spillway could be marginal at normal pool conditions. Based on these findings, it was
recommended that the lake level be limited to elevation 91 feet msl, approximately 3 feet
below the normal pool elevation, and a more extensive study of the stability of both spillways
be performed.
The final phase of the investigation included the installation of 17 extensometers, four
inclinometers, 11 survey monuments, and 26 alignment and elevation points to monitor dam
movement, plus installation of 51 piezometers and laboratory testing to obtain the necessary

parameters to perform a more detailed stability analysis. The findings of this investigation
confirmed that the stability of both the North and South Spillways was very low and that a
stabilization rehabilitation program was needed.
The major differences between the strength parameters found as a result of the 1997
lab test program and those used in the Vetter design stability analysis of 1957 are the
cohesion estimates for both spillways and the angle of internal friction of the north spillway
foundation. The 1957 design cohesion coefficient is from three to ten times higher than that
found in the 1997 investigation. The 1957 design angle of internal friction for the north
spillway was 29.8 degrees as compared to 17 degrees found in the 1997 investigation. A
summary of the results is provided in Table 1.
Table 1
Foundation Strength Parameters

North Spillway

South Spillway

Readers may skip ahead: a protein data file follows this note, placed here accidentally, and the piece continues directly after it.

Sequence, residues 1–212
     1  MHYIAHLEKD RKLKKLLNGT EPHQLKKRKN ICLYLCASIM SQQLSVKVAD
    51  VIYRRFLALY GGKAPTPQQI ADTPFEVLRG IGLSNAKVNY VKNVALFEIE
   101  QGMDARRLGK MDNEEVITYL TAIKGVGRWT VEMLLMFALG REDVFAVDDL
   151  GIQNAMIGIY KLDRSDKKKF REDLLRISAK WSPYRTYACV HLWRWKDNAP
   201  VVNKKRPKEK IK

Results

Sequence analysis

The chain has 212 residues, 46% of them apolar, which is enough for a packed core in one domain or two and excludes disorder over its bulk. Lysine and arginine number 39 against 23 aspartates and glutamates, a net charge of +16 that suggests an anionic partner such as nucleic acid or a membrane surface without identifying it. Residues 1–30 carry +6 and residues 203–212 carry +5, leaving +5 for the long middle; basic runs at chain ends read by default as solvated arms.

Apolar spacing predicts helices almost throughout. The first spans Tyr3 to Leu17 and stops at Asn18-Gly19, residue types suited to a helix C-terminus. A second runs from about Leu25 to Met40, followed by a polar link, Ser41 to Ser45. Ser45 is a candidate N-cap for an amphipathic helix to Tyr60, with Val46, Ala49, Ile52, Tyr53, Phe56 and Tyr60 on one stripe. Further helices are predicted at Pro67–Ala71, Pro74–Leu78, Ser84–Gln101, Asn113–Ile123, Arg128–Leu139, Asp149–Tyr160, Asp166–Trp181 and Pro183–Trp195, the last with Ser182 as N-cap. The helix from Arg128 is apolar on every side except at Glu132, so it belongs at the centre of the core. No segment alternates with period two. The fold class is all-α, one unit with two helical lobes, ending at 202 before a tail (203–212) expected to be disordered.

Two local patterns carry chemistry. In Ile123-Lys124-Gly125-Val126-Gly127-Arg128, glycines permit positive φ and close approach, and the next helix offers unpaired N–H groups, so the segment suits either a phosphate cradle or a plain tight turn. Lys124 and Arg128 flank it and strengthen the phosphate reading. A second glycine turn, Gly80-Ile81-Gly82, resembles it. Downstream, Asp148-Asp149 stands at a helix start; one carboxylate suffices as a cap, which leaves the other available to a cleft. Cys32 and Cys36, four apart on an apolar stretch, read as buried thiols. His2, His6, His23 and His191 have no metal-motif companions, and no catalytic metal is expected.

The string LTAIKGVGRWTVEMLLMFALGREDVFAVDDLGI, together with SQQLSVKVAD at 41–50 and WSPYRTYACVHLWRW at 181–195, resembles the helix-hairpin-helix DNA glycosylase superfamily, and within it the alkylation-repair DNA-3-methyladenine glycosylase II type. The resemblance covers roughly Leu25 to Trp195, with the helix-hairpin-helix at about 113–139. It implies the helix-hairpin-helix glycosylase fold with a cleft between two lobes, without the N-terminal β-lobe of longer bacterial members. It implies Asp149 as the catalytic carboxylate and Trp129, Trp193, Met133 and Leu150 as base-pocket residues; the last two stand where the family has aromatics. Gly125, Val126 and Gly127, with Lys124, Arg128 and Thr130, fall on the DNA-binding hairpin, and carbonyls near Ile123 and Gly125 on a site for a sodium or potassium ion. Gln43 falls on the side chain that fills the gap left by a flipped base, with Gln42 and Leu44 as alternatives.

Measured F 1997



Design F 1957



Measured C (KIPS/SF) 1997



Design C (KIPS/SF) 1957



The difference in the cohesion coefficient is largely the result of the type of test used
for evaluation of the strength parameters.
In the 1955 time-frame, geotechnical
investigations for dams such as Wesley Seale frequently used undrained triaxial tests to
evaluate the strength parameters of clay. Although current textbooks described how pore
water tensions developed in stiff clays during rapid (undrained) tests and migration of water
into the sample during slow (drained) tests could reduce the shear strength, there was
insufficient appreciation among practitioners that such strength reduction could occur in the
field when shear stress was maintained for a long time and free water was available.
Failures that occurred during construction of several large dams demonstrated that the lower
drained shear strength should be used for design. The selection of the shearing test
procedures plays a profound role in the determination of the lower cohesion coefficient and
the lower calculated stability of the spillways.

Stability Analyses
After lowering of the lake level at the completion of the preliminary investigation,
detailed stability analysis were undertaken. The stability analyses were based on measured
downstream displacements of 1.5 to 4.5 inches, which could only have occurred if the sliding
factor of safety of some of the spillway buttresses were at some point in the past at or below
1.0. Movements of this magnitude would suggest that the appropriate strength parameters
for the stability analyses would be those associated with post-peak strains since the peak
strengths have most likely been exceeded during the movements of some of the spillway
buttresses. Based on the drained direct shear strength evaluations, the strength parameters

recommended for the analyses were a post-peak angle of internal friction of 17 degrees and
an associated cohesion of 140 pounds per square foot.
Figure 2 shows the sliding stability model used for Wesley Seale Dam. The horizontal
driving forces tending to cause sliding are generated by the water pressure and the active soil
pressure against the upstream side of the dam and sliding block of soil. The available
resisting forces are derived from the water and passive soil pressure against the downstream